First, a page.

- The Washington Times - Wednesday, November 10, 2004

One of television’s all-time funniest series returns to the digital airwaves with Shout! Factory’s (www.shoutfactory.com) gala new five-disc set SCTV: Second City Television Volume 2 ($89.98). It’s our …

DVD pick of the week

That rarest of network combos — maximum talent and minimal interference from above — enabled “SCTV,” like such later series as “Mystery Science Theater 3000” and the ongoing “South Park,” to shape and populate its own idiosyncratic comic universe.

In the nine 90-minute 1981-82 NBC episodes assembled here, you’ll find such fave “SCTV” fixtures as ever-frustrated horror-movie host Count Floyd (Joe Flaherty), pushy station manager Edith Prickley (Andrea Martin), the beer-guzzling McKenzie brothers (Dave Thomas and Rick Moranis), local Hugh Hefner wannabe Johnny La Rue (John Candy), stoned phony “celebrity” Lola Heatherton (Catherine O’Hara), obnoxious Vegas stand-up Bobby Bittman (Eugene Levy) and literally dozens of other, equally unforgettable eccentrics.

Among the choice episodes are the cheesy sci-fi parody “Zontar,” wherein alien cabbages commandeer the SCTV staffers’ already addled brains; “I’m Taking My Own Head …,” a brilliant sendup of faux female-empowerment plays; “Godfather” (with guest “The Godfather” alum John Marley reprising his uncooperative-studio-boss role); and a half-dozen more that amply exhibit the show’s seamless blend of freewheeling parody and character-rooted comedy.

Extras include a recent discussion with a jolly Joe Flaherty and a measured Eugene Levy (who takes comedy very seriously), a round-table with the show’s behind-the-scenes writers, a segment on the deliberately awful “Juul Haalmeyer Dancers,” revealing 1982 sessions with photographer Norman Seeff and the “SCTV” gang, and generous photo galleries.

Fun was clearly the operative concept, before and behind the cameras, and the show proves as subversively infectious today as it did back in its day.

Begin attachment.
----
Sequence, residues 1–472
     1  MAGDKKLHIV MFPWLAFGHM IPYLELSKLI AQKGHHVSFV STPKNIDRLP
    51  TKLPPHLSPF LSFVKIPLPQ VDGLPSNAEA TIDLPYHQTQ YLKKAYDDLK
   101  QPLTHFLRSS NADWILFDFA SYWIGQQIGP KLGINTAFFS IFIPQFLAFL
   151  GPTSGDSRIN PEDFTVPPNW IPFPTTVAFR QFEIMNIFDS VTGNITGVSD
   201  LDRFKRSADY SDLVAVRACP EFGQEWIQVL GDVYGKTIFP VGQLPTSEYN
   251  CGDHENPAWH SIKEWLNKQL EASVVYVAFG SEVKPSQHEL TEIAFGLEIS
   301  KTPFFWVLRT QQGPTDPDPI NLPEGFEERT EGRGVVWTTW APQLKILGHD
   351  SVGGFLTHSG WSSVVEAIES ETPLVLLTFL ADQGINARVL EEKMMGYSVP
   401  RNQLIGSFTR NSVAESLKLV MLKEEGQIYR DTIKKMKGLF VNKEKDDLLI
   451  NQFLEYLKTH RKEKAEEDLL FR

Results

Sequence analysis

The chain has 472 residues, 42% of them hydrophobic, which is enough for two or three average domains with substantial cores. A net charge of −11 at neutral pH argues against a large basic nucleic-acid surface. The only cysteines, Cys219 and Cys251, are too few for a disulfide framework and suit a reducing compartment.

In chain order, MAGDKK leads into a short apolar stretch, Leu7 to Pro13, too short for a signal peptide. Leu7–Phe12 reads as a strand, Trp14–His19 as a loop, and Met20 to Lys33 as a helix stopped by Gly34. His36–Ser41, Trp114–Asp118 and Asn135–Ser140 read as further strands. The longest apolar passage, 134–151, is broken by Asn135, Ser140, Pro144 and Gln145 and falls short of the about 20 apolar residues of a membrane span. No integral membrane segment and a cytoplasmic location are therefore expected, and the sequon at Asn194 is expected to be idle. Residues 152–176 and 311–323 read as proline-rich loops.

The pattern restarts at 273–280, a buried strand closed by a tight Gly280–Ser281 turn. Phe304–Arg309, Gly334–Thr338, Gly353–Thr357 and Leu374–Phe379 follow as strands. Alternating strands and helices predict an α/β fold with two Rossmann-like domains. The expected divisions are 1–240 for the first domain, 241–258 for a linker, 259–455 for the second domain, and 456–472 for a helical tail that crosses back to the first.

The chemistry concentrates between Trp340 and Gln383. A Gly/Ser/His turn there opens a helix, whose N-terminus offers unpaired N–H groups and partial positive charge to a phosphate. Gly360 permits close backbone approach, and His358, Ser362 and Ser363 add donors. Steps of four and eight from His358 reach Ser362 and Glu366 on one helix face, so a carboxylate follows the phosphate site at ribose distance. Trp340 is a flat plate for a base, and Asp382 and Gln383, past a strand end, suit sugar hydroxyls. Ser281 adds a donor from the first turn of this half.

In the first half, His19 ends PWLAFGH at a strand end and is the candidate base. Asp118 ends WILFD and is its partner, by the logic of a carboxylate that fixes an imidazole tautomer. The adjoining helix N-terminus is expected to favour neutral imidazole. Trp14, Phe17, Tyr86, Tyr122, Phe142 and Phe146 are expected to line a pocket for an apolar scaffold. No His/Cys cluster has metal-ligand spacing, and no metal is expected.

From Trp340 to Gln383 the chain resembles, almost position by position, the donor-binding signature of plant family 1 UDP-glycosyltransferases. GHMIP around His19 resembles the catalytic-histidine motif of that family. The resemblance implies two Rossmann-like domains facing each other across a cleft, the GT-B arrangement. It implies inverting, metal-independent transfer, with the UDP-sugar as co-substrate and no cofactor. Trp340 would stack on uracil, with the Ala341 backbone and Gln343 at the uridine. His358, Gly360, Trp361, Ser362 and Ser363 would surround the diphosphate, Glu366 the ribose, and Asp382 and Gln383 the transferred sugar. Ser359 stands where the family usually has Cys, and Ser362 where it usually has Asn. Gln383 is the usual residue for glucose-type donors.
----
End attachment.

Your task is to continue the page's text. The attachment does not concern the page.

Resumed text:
Collectors’ corner, comedy division

Speaking of fun, subversive and otherwise, this week brings a bounty from Universal Pictures Home Entertainment:

• The six-disc The Marx Brothers Silver Screen Collection ($59.98) spotlights the first five films made by Groucho, Harpo, Chico and Zeppo (Gummo had left the act before the boys got to Hollywood): The Cocoanuts (1929), Animal Crackers (1930), Monkey Business (1931), Horse Feathers (1932) and Duck Soup (1933). The collection is supplemented by later “Today Show” interviews with Groucho and Harpo, the latter in mime.

m The laughs continue with Universal’s W.C. Fields Collection ($59.98), assembling 1933’s all-star International House, 1934’s It’s a Gift (arguably Fields’ greatest film), 1939’s You Can’t Cheat an Honest Man, 1940’s The Bank Dick and the same year’s My Little Chickadee, wherein W.C. famously spars with a duplicitous Mae West. Vintage trailers and a concise, insightful W.C. “Biography” episode complete this essential set.

m The label mines a somewhat more contemporary comic vein by teaming two high school romps, Amy Heckerling’s 1982 Fast Times at Ridgemont High, featuring a then-feckless Sean Penn, and Richard Linklater’s 1993 Dazed and Confused in a double-disc Ultimate Party Collection set ($27.98).


In new TV-to-DVD developments, Jane Seymour returns to the cathode frontier in Dr. Quinn, Medicine Woman: The Complete Season 4 ($119.95) in an eight-disc set via A&E; Home Video. A&E; also releases the five-disc Profiler: Season 4 ($79.95) and the four-disc The Kids in the Hall: Complete Season 2 ($59.95).

Anchor Bay Entertainment bows bonus-laden editions of the 1990 Johnny Depp springboard 21 Jump Street: The Complete First Season and the John Ritter showcase Three’s Company: Season Three. The four-disc sets are tagged at $39.98 each.

Mystery and mayhem reign in a brace of new sets: MPI Home Video debuts the three-disc, six-episode The Memoirs of Sherlock Holmes ($39.98), with Jeremy Brett as Sir Arthur Conan Doyle’s indefatigable sleuth, while WGBH Boston Video bows the fellow Brit import Touching Evil 2 (three-disc, $39.98).

Back in a comedy groove, 20th Century Fox Home Entertainment celebrates a generally benighted decade with That ‘70s Show: Season One (four-disc, $49.98), complete with extras.

The ‘A’ list

In theatrical-to-digital news, Ethan Hawke and Julie Delpy reprise their “Before Sunrise” romantic roles in Mr. Linklater’s sequel, Before Sunset (Warner Home Video, $27.95). Businessman Robert Redford becomes Willem Dafoe’s kidnap victim in The Clearing (20th Century Fox, $27.98), while Nicole Kidman finds much amiss in suburbia in Frank Oz’s The Stepford Wives remake (Paramount, $29.95). All arrive with bonus material.

Animated antics

For Bugs Bunny buffs and Daffy Duck devotees, Warner Home Video offers the most-welcome Looney Tunes Golden Collection Volume Two (four-disc, $64.92), gathering 60 — count ‘em, 60 — classic cartoons, along with select audio commentaries, featurettes, TV specials and much more.

Phan mail

Dear Phantom: Where can I buy old tapes of Ma & Pa Kettle? Thanks.

— “T-Bone,” Maryland

Movies Unlimited (www.moviesunlimited.com) carries a wide range of 1950s “Ma and Pa Kettle” titles.

Send your video comments and queries to Phantom of the Movies, The Washington Times, 3600 New York Ave. NE, Washington, DC 20002, or e-mail us at [email protected] Check out our Web site at www.videoscopemag.com.

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